22 hours ago, Abu Hadi said:

when you say 'music' is haram, 

Let me clarify what I mean by music. 

I mean majority of the songs that are on the billboard top 100 chart. All the mainstream songs that you hear at shopping malls, cafes, radio, gym etc. These songs are all nothing but harram in my opinion. 

I am not referring to songs about birds flying, nature, cats etc.. you can discuss the legal aspects of whether these songs are permissible all day long, but no one really listens to them.

I am only raising my concerns in this thread because I am genuinely concerned for the misguided youth. I am not trying to be a harram police or offend the view of anyone.

So many youth start to justify the disgusting songs they listen to, saying how it doesn't affect their faith - therefore it is halal. This comes from my own siblings.

If you refer to music with no profanity, abuse, sexual references etc. then maybe we can have a look and see if it fits the 'halal category'.

However generally,  99.99% of all mainstream music today is harram.

 

 

Share this post


Link to post
Share on other sites

.

On ‎12‎/‎15‎/‎2017 at 4:02 AM, ema said:

Yes, It is fine with me for someone deciding never to listen music in his life, or chose to do things or avoid as he understood for his life.

However, problem comes when someone forces others his/her understanding of Quran or hadith. 

Uhty, the purpose and advantage of our scholars are to have men and women around who have studied and are aware of whatever does and does not apply from Quran and hadith.

19 hours ago, monad said:

Let us do some simple analysis. In Religion, anything that takes man away from God or practice of the path towards God is generally labelled as haram from an ethical perspective.

A) None of the narrations state it is haram, where and why was this word added. Perhaps due to the influx of globalisation and how music has a further reach of influence.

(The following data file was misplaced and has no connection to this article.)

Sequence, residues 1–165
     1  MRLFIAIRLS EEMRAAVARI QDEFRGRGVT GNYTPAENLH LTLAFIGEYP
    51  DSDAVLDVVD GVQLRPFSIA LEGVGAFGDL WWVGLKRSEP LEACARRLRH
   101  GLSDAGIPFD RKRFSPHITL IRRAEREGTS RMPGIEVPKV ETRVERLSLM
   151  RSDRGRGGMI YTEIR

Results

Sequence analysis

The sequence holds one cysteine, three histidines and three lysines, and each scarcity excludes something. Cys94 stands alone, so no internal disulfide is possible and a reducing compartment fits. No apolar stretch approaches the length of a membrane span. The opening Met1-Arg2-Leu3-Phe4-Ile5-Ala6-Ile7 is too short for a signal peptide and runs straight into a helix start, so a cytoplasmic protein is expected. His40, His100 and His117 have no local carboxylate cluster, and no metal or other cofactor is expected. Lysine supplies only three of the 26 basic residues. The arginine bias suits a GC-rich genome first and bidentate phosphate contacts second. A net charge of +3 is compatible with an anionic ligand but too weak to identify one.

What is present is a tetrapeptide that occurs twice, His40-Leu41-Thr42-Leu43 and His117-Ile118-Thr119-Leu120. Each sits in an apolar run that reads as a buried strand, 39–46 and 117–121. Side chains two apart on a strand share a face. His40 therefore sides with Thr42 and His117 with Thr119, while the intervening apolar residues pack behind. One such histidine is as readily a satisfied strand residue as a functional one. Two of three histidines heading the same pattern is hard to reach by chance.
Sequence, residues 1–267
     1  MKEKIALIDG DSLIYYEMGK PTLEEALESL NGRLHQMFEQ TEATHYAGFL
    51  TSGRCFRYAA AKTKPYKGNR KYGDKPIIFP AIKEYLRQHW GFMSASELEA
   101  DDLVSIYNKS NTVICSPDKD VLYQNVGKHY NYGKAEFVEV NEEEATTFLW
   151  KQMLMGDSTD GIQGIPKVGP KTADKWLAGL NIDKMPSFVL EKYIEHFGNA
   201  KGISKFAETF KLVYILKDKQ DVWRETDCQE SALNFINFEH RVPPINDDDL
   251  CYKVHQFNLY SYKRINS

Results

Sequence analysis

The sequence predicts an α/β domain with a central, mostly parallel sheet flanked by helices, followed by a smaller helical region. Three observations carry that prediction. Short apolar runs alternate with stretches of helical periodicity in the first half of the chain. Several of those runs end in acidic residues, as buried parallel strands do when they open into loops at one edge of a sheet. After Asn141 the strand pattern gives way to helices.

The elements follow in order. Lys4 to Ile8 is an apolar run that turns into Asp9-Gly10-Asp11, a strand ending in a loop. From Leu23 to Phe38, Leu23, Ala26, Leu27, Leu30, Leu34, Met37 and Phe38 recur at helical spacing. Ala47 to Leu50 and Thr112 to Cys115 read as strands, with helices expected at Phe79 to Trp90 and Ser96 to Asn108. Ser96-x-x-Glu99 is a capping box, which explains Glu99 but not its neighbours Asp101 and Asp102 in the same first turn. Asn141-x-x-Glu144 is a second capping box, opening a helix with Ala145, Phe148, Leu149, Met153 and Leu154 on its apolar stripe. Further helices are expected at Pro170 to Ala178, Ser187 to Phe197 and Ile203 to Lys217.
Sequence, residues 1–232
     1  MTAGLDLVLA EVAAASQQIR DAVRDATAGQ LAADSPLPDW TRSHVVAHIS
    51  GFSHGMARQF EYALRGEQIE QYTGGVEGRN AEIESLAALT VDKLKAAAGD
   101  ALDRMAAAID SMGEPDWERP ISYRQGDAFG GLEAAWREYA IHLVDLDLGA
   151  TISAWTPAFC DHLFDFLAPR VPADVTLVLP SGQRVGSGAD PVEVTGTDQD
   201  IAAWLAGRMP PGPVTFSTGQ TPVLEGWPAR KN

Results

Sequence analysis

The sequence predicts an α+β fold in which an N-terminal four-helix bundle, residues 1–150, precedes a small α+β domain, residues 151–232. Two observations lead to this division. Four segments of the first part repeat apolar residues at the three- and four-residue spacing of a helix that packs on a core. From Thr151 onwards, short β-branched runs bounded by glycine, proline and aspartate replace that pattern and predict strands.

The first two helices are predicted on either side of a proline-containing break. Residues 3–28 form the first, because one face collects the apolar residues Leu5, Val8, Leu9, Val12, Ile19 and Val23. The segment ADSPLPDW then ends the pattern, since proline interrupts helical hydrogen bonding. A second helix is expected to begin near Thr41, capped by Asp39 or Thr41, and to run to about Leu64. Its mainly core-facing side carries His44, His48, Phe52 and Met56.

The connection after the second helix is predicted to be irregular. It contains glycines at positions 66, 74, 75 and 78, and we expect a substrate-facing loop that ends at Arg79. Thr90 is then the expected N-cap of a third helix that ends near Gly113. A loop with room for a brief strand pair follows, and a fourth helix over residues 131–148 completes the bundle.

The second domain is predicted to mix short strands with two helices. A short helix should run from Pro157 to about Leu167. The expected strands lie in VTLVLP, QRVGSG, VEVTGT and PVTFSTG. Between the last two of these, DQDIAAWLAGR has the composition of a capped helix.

B) The rational condition is that does X have Value, and whether that Value has any instrinctive value.  Think of this from a daily business perspective or wanting from gardening. If you plant a seed and use polluted water, would it grow well compared to that has been nurtured properly?. Here we are looking at statistics, what are the chances of good growth. One would have to go with the clean source rather then the dirty. Music is considered vain or useless, as it distracts the mind from what is useful, and that is reason. The old saying reason is the highest form of virtue.

:dwarf:"l could just scream."  :cry: ,Bro, The Prophet-Nabi s.a.w.s. did not come in the Age of Reason a millennium later. We cannot apply the secular to the din. We can apply what is revealed (tri-literal waw-ha-ya) to the secular and lay, but not the vice-versa.

On ‎12‎/‎15‎/‎2017 at 1:43 PM, Hussaini624 said:

Correct; and according to Imam Jafar as-Sadiq (a), that "idle talks" in the quran refers to music.

Look up Ayat Luqman:6 .   The tri-literal used, ha-dal-tha , is used twice and is more properly rendered "idly converse" as in talking in ignorant and or mischievous sentences. We can include poems.  Where is the connection to music?

Share this post


Link to post
Share on other sites
5 hours ago, ema said:

I guess monad is not aware of "growing evidence that listening to music help stimulate seemingly lost memories and even help maintain some cognitive functioning."

Please see the Harvard article I posted earlier, and more links posted below.

https://www.health.harvard.edu/staying-healthy/music-and-health

https://www.health.harvard.edu/mind-and-mood/music-can-boost-memory-and-mood

Music helps to prevent dementia and even helps people with Alzheimer’s Disease by enhancing memories.

https://www.ncbi.nlm.nih.gov/pmc/articles/PMC2914108/

Ema -Yes, I have read such articles, however you are mistaking music with sound or melody. These articles are regarding research on stimulating function of damaged brains, unless one considers the percentage of damaged brains in the human race to be very high.